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ELEVEN PIPERS PIPING
by C.C. Benison
Doubleday Canada, November 2012
476 pages
$29.95 CAD
ISBN: 038567015X


Buy in the UK | Buy in Canada

Despite the title's reference to the Christmas carol, this second in CC Benison's series starring the Reverend Tom Christmas begins at another celebration, the annual Robert Burns Night Supper, and ends with yet a third, the Devon homage to the apple tree, the Wassail. Tom Christmas is beginning feel settled in the village of Thornford Regis, a village that has provided him a place to heal following the as yet unsolved murder of his wife two years ago. He is installed in a rather grand vicarage, along with his young daughter Miranda and a housekeeper, Mrs Prowse, an excellent cook. He is delighted to pronounce the traditional grace at the Burns Supper, though dreading the mandatory encounter with the haggis. But his peace of mind is soon disturbed when Will Moir, the owner of the inn where the Burns dinner is taking place, turns up very dead, apparently of natural causes, but before long, rumours of poison begin to circulate.

If someone had said to me, "I have just the book for you - it's set in a wee Devon village under a blanket of snow and has a central character named Father Christmas, vicar of St Nicholas, and two policemen named Blessing and Bliss," I would have smiled sweetly and said it would really have to wait until I finished re-reading the collected works of Ken Bruen. And I would have been wrong.

Despite Benison's almost relentless devotion to the paraphernalia of the village cosy, ELEVEN PIPERS is at its heart a serious and moving novel. Tom Christmas, though more or less cast in the role of amateur detective, is a most reluctant recipient of the various confidences that come his way as a result of his profession. There are things about his parishioners he'd rather not know, not that that stops them from sharing. He is a man of faith, but not pious; he was, after all, a professional magician in earlier days. He has not recovered from the violent end visited on his wife and he is doing his best to bring up his small daughter in a way that honours her - even to the extent of arranging her Jewish education, her mother's religion. Though he never abandons his moral compass, he is never judgmental when confronted by the failings of the village residents.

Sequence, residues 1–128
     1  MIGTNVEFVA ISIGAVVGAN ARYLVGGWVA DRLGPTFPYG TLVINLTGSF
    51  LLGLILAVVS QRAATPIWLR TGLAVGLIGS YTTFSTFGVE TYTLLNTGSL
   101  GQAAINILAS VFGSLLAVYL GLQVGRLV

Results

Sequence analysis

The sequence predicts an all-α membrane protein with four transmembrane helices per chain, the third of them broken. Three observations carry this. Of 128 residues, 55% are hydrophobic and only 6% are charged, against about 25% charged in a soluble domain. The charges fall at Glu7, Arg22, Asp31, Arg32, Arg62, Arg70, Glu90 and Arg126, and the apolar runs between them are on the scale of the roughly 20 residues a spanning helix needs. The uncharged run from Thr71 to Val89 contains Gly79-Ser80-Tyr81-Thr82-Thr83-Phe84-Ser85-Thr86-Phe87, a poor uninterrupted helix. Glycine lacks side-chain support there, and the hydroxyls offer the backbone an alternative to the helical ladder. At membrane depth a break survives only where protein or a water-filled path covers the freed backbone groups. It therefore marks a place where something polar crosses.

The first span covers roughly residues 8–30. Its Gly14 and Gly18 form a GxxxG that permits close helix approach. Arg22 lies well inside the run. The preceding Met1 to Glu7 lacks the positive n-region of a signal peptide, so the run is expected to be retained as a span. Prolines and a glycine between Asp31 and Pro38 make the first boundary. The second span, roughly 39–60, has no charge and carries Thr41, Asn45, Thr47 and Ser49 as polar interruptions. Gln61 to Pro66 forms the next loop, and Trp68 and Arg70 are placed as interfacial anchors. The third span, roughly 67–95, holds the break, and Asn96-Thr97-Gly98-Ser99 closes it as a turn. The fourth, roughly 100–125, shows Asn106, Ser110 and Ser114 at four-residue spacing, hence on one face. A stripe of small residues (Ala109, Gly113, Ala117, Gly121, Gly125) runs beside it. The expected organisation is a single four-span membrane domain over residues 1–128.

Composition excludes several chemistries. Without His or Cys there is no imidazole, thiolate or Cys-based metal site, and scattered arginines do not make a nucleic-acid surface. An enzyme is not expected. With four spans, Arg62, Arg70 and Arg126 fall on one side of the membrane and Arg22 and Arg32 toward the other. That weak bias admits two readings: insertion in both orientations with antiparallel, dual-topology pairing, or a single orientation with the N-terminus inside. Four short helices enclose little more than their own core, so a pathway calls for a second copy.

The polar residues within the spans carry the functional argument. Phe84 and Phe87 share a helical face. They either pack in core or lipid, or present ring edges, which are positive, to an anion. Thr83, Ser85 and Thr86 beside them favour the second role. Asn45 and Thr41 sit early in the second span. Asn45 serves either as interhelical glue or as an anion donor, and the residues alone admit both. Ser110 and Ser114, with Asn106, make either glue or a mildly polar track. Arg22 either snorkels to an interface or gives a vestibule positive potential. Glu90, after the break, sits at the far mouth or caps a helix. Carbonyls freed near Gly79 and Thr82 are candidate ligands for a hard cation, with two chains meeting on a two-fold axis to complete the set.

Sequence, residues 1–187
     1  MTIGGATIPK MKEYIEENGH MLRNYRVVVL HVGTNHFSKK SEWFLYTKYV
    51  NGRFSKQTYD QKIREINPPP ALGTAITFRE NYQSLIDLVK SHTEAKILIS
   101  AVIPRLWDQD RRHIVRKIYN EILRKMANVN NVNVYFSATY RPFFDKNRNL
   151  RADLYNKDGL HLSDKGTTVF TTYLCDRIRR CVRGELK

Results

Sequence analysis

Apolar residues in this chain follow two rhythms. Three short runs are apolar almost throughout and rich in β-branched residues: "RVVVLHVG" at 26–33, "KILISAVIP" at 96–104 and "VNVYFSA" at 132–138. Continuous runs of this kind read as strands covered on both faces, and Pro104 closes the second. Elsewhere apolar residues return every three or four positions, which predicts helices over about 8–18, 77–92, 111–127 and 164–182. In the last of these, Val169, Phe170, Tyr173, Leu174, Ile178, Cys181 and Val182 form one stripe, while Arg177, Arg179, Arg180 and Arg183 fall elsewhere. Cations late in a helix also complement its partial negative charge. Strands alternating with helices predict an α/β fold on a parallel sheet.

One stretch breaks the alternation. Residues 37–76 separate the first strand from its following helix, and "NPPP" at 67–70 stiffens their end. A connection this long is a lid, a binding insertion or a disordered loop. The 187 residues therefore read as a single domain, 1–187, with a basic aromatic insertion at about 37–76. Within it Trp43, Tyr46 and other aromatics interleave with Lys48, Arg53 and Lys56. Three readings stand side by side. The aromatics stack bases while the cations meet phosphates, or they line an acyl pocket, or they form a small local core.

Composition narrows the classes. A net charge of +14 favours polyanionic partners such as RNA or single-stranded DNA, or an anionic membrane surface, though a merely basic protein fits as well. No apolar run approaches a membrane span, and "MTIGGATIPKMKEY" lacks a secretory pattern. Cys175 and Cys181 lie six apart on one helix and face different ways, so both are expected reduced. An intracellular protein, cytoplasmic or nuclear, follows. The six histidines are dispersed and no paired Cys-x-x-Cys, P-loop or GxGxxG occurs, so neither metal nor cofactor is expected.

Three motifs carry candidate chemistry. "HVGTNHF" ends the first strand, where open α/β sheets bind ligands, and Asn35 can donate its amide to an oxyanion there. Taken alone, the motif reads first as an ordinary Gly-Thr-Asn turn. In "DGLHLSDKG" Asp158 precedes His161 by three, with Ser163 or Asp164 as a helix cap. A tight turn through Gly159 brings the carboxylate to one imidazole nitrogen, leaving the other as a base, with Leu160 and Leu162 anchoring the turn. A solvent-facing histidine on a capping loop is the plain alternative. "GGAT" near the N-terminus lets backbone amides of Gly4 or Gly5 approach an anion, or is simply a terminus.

The secrets that come to light in the course of the investigation into Will's death and its aftermath are adult and tragic and present a grave challenge to Tom Christmas both personally and in his role as priest. The assorted characters are fully developed and, even when comic, very far from two-dimensional. Benison has a gentle wit that keeps the proceedings from becoming too grim, though he does occasionally carry on with a joke longer than absolutely desirable. But most of all, he writes with grace and care, and the respect that he brings to his material requires us to respect it as well.

Lovers of cosies will find much to enjoy here, but so will those who view the genre with suspicion. CC Benison is the pseudonym of Doug Whiteway, a Canadian journalist living in Winnipeg, whose DEATH AT BUCKINGHAM PALACE won the Arthur Ellis Award for best first novel in 1997. The English village mystery has a long and honourable history - and it's delightful to see that the torch has been passed from its native land to the safe hands of a pair of Canadians - CC Benison and Alan Bradley.

Yvonne Klein is a writer, translator, and retired college English professor who lives in Montreal.

Reviewed by Yvonne Klein, November 2012

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Contact: Yvonne Klein (ymk@reviewingtheevidence.com)


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